One (unintended) consequence of the passion and loyalty that so many have for this unique experience is that it’s damned hard to get into the race. Hardrock is limited to 140 runners, yet every year there are 500-600 qualified applicants. To make matters (much) worse for Hardrock virgins, entry is by a lottery which heavily favors past finishers of the race. This also has a big impact on the quality of the competition, since often the best runners are unable to gain entry. As frustrating as it may be for some potential entrants, the race organizers are simply unable to admit everyone who would like to run, so have come up with a system that reflects their priorities and values. As one well-known runner said, “There is significant probability of not ever getting in during my natural life”. I know of one runner who gained his first entry this year after 7 tries at the lottery, and another who has failed to win the lottery after 6 attempts plus having worked as an aid station captain (which provides additional “tickets” for the lottery). For some, the hardest part about finishing Hardrock is just getting in!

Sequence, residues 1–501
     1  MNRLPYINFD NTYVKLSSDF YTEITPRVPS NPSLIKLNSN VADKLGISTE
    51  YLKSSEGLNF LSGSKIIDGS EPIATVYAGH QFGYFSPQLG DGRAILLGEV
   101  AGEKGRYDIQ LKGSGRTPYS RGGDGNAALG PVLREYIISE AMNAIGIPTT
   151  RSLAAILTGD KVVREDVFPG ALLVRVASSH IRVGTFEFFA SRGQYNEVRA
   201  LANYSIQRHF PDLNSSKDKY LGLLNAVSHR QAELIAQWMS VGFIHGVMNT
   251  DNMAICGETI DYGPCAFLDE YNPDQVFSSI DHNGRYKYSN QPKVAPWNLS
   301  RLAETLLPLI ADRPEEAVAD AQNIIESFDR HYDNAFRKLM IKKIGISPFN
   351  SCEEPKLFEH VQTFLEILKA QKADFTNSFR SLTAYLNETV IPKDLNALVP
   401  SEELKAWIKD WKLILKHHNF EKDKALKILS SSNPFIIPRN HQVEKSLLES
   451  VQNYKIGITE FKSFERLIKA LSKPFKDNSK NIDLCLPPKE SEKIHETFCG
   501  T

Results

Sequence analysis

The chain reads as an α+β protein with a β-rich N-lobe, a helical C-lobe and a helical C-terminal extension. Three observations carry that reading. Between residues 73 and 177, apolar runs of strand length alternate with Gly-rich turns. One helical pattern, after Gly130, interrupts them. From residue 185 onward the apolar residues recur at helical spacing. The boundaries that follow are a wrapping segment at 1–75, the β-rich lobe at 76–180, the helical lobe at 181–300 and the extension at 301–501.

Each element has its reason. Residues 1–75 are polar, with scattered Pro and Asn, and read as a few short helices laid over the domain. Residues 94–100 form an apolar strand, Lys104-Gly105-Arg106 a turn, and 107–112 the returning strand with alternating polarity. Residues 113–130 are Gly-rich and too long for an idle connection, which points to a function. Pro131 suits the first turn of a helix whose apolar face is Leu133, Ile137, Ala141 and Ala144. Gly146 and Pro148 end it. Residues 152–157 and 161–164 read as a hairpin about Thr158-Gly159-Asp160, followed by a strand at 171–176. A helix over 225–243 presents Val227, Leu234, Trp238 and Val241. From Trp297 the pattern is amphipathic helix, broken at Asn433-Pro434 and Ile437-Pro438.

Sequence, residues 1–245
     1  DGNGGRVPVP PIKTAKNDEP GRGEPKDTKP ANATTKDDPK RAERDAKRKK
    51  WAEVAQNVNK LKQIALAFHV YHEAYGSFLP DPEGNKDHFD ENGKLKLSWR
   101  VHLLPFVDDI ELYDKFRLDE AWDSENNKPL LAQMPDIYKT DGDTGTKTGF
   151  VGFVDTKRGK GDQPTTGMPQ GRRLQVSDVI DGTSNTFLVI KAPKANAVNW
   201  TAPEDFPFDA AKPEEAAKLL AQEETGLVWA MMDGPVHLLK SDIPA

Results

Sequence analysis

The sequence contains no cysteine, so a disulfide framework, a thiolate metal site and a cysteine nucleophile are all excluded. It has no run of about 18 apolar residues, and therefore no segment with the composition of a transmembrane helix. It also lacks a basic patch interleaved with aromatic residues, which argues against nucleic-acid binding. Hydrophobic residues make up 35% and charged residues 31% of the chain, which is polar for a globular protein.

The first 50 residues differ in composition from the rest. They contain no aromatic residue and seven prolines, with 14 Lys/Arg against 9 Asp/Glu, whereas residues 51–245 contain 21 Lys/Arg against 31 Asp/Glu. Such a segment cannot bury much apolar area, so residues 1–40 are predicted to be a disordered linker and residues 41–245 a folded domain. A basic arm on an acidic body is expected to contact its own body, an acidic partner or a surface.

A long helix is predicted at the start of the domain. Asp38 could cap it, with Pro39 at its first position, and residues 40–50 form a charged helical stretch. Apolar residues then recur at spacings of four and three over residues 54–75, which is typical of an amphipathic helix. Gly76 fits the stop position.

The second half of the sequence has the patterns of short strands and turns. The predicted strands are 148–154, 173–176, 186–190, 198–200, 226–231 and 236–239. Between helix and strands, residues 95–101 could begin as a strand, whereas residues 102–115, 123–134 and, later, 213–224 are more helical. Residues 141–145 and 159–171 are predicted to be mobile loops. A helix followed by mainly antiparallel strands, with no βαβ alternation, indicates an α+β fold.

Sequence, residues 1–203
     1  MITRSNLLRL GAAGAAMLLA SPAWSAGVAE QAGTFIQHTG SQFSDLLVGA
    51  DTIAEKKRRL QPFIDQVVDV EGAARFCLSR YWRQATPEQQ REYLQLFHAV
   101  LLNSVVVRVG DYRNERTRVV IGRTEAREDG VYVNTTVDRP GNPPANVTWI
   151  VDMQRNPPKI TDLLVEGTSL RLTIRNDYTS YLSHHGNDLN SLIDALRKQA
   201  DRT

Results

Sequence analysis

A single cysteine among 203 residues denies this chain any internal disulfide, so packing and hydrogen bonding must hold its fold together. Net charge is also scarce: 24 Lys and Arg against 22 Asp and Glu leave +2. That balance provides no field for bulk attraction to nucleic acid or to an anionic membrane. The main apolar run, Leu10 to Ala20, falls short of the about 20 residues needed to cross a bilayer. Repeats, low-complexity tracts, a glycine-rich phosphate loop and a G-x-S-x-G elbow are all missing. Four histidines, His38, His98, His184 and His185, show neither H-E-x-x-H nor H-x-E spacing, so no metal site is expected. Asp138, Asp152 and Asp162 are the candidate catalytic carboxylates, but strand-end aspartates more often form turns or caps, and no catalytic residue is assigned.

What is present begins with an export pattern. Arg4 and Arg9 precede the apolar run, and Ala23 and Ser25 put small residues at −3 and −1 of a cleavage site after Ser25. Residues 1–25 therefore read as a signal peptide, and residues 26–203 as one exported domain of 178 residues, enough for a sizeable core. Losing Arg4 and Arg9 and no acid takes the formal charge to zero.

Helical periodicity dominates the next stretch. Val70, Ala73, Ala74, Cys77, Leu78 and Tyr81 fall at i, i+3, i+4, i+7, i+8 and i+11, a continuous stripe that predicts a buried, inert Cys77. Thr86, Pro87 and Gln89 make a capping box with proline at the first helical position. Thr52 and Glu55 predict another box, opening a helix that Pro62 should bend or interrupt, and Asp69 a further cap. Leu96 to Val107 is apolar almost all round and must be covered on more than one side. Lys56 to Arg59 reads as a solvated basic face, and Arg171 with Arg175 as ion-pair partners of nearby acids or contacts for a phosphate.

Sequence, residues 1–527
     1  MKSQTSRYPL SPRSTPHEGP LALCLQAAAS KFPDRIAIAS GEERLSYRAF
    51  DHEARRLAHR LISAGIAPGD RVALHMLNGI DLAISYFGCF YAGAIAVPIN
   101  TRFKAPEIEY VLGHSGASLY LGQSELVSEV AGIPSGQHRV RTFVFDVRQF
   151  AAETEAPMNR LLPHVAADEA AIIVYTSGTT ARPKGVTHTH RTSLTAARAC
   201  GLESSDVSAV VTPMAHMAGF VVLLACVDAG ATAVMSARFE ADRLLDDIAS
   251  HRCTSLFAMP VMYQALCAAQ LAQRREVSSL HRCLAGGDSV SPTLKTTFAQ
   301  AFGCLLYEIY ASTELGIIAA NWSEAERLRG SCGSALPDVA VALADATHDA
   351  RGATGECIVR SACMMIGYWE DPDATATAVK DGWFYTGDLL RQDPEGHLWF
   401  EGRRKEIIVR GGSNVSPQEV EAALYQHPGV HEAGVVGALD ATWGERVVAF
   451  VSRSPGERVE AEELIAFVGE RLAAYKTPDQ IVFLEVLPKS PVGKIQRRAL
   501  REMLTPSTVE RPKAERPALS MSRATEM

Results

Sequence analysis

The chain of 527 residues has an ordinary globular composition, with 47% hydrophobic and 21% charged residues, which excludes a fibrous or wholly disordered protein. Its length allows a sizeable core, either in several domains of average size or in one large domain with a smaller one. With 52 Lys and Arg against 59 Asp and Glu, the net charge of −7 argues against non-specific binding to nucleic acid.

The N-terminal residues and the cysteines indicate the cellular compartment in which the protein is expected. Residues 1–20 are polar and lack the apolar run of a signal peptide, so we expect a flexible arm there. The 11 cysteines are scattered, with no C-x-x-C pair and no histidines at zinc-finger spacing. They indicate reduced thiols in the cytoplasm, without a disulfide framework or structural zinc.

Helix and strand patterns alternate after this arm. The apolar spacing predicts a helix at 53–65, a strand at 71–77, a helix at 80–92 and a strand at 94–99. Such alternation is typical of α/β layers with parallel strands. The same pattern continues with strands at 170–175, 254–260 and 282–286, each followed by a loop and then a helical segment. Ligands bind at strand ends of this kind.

Hardrock is also a race, and has seen some mind-boggling performances over the years. Course records are held by Kyle Skaggs (23:23, 2008) and Diana Finkel (27:18, 2009). This year promises the most exciting race ever up front, with a remarkable international field including Kilian Jornet (the world’s best ultra-distance mountain runner), 2013 winner Sebastien Chaigneau (24:25, the second fastest time ever), 2011 winner Julien Chorier (25:17), Dakota Jones (third in 2012 in 25:45, and second in 2011 in 27:10), Japanese speedster Tsuyoshi Kaburaki, Western States 100 course record holder Timothy Olsen, and Joe Grant (second in 25:06 in 2012). Conspicuously absent is Anton Krupicka, who was once again disappointed by the lottery. The women’s side features a rematch between course record holder and four-time winner (2008-2011) Diana Finkel and 2012-2013 winner Darcy Africa.